In pop culture, master illusionists of wealth are called 30k millionaires. It characterizes someone who maintains a millionaire image, yet has no net worth. They drive entry-level BMWs, wear fancy designer clothes, and order bottle service, on credit. They act like they are rich, but behind it all, they are miserable magicians of poverty. (pg. 43)

Affordability is when you don't have to think about it. How do you know you can afford it? If you pay cash in your lifestyle doesn't change regardless of future circumstances, you can afford it. If you can buy a boat, pay cash, and are not affected by unexpected bumps in the road, you can afford it. This is how affordability is measured against your level of wealth. (pg. 48)

Instant gratification is a populist plague and its predominant side effects are easily spotted: debt and obesity. Most Americans are obese because the easiest instant gratification comes from food. When you plot your butt on the recliner and maul through a can of Pringles, you choose pleasure now in lieu of pain later. If you live with your parents and you financed $45,000 over 72 months for a new Mustang with a $31,000 a year bartenders wage, you let instant gratification win. Wealth, like health, isn't easy. They both require discipline, sacrifice, persistence, commitment, and delayed gratification. If you can't immunize yourself from the temptations of instant gratification, you'll be hard-pressed to find success in either health or wealth. (pg. 49)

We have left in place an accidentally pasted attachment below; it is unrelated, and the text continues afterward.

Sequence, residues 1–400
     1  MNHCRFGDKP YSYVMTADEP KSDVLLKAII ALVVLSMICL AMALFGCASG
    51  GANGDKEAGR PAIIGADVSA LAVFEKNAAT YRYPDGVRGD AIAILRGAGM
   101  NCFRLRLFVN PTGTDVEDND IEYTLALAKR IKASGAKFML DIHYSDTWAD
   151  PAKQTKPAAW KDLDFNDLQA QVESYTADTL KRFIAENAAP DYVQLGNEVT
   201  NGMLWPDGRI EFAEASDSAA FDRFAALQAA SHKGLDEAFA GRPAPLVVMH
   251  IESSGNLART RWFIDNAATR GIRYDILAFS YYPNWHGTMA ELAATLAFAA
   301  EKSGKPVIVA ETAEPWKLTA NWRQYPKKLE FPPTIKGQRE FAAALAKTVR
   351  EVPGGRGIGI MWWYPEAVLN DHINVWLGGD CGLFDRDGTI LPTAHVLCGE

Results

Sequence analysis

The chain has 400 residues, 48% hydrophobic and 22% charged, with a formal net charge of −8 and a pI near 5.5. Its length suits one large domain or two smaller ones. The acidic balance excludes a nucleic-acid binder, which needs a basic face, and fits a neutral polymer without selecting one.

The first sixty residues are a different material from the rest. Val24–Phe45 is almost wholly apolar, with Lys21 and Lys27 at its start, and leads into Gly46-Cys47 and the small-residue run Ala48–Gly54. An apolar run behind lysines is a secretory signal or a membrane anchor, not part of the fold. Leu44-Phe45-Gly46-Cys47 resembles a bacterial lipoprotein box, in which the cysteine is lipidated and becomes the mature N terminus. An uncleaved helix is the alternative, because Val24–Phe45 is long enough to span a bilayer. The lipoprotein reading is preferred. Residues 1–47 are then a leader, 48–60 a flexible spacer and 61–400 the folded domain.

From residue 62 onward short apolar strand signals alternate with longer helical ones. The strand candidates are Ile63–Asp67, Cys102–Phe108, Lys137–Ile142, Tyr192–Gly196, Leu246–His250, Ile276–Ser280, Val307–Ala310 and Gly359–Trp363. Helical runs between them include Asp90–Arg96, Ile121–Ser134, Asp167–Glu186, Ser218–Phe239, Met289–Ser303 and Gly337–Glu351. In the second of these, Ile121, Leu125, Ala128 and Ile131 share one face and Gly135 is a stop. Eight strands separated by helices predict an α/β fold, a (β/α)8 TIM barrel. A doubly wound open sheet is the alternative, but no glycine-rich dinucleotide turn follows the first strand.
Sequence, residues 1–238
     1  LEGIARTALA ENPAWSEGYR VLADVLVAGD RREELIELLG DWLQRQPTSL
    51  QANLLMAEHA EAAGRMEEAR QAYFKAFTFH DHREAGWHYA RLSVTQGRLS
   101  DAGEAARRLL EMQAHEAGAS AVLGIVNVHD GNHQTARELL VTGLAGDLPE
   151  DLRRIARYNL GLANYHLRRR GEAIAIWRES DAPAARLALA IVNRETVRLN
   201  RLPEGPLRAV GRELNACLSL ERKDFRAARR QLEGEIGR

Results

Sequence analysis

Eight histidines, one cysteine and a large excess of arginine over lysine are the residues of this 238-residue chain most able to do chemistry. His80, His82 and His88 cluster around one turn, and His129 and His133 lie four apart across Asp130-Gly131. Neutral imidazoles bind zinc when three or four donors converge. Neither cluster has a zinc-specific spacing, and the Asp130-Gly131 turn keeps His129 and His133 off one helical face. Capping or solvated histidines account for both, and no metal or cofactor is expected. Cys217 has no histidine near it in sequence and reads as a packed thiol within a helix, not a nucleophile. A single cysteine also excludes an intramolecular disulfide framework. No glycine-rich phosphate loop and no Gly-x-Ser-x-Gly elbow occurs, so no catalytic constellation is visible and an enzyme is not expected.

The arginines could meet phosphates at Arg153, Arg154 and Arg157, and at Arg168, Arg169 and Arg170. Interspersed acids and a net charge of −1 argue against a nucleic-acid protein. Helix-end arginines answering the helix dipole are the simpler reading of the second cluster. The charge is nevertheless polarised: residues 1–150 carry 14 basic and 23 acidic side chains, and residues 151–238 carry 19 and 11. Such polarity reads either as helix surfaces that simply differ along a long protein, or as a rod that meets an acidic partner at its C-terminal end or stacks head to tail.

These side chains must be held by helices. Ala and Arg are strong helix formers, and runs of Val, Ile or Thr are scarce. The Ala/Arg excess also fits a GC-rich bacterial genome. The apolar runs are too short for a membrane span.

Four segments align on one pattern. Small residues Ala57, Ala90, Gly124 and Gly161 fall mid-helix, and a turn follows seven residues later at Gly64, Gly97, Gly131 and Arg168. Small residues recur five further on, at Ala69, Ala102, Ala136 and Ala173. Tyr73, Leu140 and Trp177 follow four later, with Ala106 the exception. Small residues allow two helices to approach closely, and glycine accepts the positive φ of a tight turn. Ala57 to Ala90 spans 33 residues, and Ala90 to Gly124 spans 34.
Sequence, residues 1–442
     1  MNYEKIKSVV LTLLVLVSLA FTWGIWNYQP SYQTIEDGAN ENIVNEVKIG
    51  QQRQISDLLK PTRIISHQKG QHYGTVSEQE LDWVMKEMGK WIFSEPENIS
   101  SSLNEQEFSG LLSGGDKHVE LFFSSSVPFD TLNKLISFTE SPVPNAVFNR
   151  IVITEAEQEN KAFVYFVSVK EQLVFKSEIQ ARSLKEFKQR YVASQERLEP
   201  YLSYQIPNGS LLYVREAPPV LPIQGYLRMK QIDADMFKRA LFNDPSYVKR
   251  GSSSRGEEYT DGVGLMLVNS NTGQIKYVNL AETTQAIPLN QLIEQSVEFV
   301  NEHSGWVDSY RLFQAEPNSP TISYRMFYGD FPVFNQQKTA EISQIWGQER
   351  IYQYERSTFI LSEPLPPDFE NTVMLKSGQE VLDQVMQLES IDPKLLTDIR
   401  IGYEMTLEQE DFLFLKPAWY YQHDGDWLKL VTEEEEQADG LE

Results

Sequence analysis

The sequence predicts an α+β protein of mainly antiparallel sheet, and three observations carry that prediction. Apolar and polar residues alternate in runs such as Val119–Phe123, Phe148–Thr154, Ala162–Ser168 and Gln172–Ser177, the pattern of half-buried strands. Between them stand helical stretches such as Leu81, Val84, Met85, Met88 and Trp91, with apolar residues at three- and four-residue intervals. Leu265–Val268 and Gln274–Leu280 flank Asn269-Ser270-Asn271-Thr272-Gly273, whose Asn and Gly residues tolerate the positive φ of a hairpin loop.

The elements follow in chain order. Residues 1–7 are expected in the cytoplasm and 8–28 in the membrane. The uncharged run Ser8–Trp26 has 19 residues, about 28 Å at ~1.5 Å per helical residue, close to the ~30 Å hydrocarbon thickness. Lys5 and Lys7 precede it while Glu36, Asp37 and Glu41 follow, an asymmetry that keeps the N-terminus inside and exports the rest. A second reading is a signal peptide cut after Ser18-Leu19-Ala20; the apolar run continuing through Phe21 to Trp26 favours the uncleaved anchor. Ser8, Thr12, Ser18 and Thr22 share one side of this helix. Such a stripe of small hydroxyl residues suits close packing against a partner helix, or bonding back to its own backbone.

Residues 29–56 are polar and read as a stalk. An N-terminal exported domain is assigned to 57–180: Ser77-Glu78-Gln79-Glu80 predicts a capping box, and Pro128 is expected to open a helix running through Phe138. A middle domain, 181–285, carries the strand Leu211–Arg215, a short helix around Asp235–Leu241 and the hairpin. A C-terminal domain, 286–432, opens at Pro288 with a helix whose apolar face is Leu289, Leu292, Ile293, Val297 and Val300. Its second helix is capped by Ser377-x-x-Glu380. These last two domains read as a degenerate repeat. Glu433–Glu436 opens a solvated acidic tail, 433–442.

Those who refuse to get out of poverty are a major constituency in all countries. These people seek the easy life yet want someone else to pay for it. They believe the government should do more for them. They are victims of the system. They’re life's victims because they were dealt a bad hand. They vote for whatever politician promises them the world at no cost. Free health care. Free education. Free gas. Free mortgages. (pg. 57) 

You can either live rich young or live rich old while risking death along the way. Rich at 25 years old beats the snot out of rich at 65 years old. Wealth is best lived young and enjoyed while you have health, energy, and maybe even some hair. Wealth is best lived in the prime of your life, not in its twilight after forty years of 50-hour workweeks have pulverized your dreams into surrender. (pg. 65)

When a corporate CEO cash is 20 million dollars in stock options, have you ever looked at their age? Exclusive of the founders and owners, most of them are in their 50s and 60s. Obviously, the roads through corporate management don't happen overnight. From mailroom to CEO can take 40 years. And if it does, you get there by working hard. Sorry, but waiting for a golden parachute after 40 Years of patience and prayer isn’t a gamble I'd like to bet. (pg. 100)

Publishing a book puts you into the fastlane universe.  First, it survives time and is capable of earning income long after my original time investment. From start to finish, the book cost roughly 1,000 hours of my time. If I sell a hundred thousand books at $5 profit each, I earn roughly $500 per hour invested. The more I sell, the greater the return on my original investment. (pg. 118)